Documentary by UMass Amherst Professor Nominated for Inclusion in National Film Registry

AMHERST, Mass. - A classic film of the feminist movement directed by University of Massachusetts School of Education professor Liane Brandon has been nominated for inclusion in the National Film Registry. It will be shown at a special screening in Washington, D.C., May 13, and Brandon has been invited to introduce it.

The film, "Betty Tells Her Story," was made in 1972 and features the subject recalling the time she needed "the perfect dress" for a special occasion. "She describes how she found just the right one, spent more than she could afford for it, felt absolutely transformed and … never got to wear it," says Brandon. "Then Betty is asked to tell the story again. Although she told it the first time as an amusing anecdote, by the second time her cheerful facade has fallen away and she allows herself to remember her emotional distress. The difference between the two stories is haunting."

The film was nominated for inclusion in the National Film Registry in April. The registry was established by the National Film Preservation Act of 1988, which called upon the Librarian of Congress and the National Film Preservation Board to annually select up to 25 "culturally, historically, or aesthetically significant" American films to be preserved. Among the approximately 250 previous features and short subjects chosen for the registry over the last decade are "Citizen Kane," "It’s a Wonderful Life," and "Casablanca."

Nominated films this year will be screened throughout the spring at the Mary Pickford Theater in Washington, D.C. Audiences will cast their votes, and the National Film Preservation Board will advise the Librarian of Congress on their selected films. The final selection will take place in October or November. "Betty Tells Her Story" has already received numerous festival awards, according to Brandon. It has been featured at the Museum of Modern Art in New York, the Museum of Fine Arts in Boston, and the Chicago Art Institute, and was nationally broadcast on The Learning Channel. It is also widely used in colleges and universities in the areas of film study, communication, women’s studies, psychology, sociology, and education, she says.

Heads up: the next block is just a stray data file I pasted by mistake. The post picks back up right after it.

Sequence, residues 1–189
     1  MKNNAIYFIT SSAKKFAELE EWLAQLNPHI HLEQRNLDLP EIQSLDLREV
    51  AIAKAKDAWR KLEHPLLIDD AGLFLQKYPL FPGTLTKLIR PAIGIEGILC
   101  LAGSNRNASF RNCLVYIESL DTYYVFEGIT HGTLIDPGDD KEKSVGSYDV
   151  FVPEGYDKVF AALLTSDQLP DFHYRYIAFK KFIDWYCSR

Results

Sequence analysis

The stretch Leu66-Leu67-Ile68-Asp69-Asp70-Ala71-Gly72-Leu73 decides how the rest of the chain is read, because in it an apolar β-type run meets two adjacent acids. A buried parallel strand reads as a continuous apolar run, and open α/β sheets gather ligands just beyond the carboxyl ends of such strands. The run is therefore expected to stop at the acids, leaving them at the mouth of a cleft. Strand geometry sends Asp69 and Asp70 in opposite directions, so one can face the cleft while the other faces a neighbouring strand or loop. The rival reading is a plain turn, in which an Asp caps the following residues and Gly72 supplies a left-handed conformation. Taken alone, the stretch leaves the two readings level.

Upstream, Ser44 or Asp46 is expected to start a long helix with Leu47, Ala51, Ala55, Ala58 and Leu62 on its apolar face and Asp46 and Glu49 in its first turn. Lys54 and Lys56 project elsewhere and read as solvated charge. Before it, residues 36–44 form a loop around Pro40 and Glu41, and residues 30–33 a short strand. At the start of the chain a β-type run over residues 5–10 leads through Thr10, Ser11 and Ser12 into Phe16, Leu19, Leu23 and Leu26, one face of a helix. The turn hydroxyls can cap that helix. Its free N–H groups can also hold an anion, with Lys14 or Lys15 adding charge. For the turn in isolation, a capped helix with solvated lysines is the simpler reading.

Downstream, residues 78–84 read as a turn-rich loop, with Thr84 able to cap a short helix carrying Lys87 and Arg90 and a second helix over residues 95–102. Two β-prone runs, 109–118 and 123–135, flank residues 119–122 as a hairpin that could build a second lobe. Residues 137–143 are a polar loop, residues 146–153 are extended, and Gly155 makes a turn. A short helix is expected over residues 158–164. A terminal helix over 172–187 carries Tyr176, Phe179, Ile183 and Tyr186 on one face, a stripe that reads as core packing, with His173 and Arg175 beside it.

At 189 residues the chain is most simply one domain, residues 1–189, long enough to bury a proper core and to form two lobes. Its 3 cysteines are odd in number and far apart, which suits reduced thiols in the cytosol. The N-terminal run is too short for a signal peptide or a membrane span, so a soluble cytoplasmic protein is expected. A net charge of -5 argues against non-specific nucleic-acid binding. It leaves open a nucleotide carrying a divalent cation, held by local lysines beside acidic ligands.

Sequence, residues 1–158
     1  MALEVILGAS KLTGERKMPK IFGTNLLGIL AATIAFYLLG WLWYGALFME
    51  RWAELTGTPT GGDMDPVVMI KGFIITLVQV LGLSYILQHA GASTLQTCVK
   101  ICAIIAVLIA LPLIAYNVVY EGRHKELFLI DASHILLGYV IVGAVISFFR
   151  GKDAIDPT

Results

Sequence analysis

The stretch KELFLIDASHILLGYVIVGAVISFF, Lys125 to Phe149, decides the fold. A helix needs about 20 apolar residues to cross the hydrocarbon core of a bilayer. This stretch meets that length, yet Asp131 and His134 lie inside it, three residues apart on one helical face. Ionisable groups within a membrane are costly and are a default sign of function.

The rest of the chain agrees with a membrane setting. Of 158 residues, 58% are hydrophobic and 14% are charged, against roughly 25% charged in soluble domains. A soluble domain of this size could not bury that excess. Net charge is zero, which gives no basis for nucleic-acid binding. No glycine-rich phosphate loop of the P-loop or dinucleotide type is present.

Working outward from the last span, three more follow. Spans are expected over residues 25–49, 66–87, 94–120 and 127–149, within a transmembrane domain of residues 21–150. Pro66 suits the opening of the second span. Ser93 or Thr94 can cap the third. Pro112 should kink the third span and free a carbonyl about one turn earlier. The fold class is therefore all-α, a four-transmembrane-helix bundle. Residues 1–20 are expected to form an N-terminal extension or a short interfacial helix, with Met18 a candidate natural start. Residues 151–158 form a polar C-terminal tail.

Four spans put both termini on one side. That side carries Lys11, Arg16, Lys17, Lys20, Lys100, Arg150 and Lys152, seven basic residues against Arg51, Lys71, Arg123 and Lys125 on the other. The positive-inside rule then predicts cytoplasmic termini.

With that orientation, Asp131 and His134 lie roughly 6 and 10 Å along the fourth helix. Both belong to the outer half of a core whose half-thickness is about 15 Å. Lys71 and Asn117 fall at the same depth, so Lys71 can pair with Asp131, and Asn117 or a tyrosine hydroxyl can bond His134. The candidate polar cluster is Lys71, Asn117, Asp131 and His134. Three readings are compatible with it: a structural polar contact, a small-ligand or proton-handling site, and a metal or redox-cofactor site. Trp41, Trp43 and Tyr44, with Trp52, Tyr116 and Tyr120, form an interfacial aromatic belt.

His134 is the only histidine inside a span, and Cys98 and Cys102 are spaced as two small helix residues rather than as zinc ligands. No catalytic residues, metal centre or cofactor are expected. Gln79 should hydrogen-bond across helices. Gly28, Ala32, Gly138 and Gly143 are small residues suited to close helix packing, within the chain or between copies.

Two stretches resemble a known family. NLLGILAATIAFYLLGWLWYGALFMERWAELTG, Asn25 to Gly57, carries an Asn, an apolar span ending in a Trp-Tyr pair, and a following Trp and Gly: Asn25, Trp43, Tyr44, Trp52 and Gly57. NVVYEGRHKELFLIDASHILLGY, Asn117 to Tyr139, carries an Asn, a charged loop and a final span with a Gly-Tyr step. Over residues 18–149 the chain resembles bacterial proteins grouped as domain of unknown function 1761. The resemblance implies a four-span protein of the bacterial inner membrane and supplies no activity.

Brandon is one of the first independent women filmmakers, starting her work in the late 1960s. Since then, her films have won numerous national and international awards. She is a co-founder of New Day Films, a cooperative that pioneered the distribution of films and videos about women, and which distributes "Betty Tells Her Story." A professor in the School of Education at UMass, she is also the co-director of UMass Educational Television. Before becoming a filmmaker, she worked as a ski instructor, file clerk, high school teacher, and professional stunt woman.